regarding those aspects which are related to ICTs for Education and ICTs in Education. ICTs for
education refers to the development of information and communications technology specifically
for teaching/learning purposes, while the ICTs in education involves the adoption of general
components of information and communication technologies in the teaching learning process.
This literature review has sought to explore the role of ICT in education as we progress into the
21st century. In particular ICTs have impacted on educational practice in education to date in
quite small ways but that the impact will grow considerably in years to come and that ICT will
become a strong agent for change among many educational practices. Extrapolating current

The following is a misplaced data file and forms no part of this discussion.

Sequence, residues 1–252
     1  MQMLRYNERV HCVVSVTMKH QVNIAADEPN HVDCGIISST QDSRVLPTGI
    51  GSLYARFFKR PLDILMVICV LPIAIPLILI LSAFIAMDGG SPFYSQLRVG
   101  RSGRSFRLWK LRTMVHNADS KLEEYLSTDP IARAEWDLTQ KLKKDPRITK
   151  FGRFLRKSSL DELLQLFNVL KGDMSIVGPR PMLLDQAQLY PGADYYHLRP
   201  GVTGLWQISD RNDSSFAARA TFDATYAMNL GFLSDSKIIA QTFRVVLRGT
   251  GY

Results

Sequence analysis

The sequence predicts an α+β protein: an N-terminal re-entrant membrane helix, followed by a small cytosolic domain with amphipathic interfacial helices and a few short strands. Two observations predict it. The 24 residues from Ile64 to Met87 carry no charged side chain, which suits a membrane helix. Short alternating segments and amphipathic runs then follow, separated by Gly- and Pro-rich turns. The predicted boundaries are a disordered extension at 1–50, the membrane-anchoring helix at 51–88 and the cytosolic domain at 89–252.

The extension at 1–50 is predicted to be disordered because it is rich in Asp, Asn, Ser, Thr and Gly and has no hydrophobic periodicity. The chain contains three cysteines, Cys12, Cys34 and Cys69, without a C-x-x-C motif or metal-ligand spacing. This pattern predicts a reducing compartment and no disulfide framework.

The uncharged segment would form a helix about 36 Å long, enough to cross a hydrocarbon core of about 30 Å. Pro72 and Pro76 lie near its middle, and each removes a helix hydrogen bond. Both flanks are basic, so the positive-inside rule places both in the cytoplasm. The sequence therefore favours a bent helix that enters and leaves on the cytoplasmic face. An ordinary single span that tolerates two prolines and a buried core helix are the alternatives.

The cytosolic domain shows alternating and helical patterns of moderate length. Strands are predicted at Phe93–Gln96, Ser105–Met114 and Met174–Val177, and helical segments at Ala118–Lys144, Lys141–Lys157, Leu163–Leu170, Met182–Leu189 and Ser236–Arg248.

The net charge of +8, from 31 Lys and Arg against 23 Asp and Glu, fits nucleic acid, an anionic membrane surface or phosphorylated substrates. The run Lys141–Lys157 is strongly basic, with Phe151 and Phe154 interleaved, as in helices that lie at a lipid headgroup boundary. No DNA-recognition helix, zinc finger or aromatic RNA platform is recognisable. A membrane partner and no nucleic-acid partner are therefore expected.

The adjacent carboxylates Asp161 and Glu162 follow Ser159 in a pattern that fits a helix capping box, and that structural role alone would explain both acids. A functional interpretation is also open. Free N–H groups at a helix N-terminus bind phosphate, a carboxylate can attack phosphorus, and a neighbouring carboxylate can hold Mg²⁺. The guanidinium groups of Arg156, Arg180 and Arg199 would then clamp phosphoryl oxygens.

activities and practices, the continued use and development of ICTs within education will have a
strong impact on: ICT and teaching learning process; quality and accessibility of education;
learning motivation, learning environment and ICT usage and academic performance.
The adoption and use of ICTs in education have a positive impact on teaching, learning,
and research. ICT can affect the delivery of education and enable wider access to the same. In
addition, it will increase flexibility so that learners can access the education regardless of time
and geographical barriers. It can influence the way students are taught and how they learn. It
would provide the rich environment and motivation for teaching learning process which seems to
have a profound impact on the process of learning in education by offering new possibilities for
learners and teachers. These possibilities can have an impact on student performance and
achievement. Similarly wider availability of best practices and best course material in education,
which can be shared by means of ICT, can foster better teaching and improved academic
achievement of students. The overall literature suggests that successful ICT integration in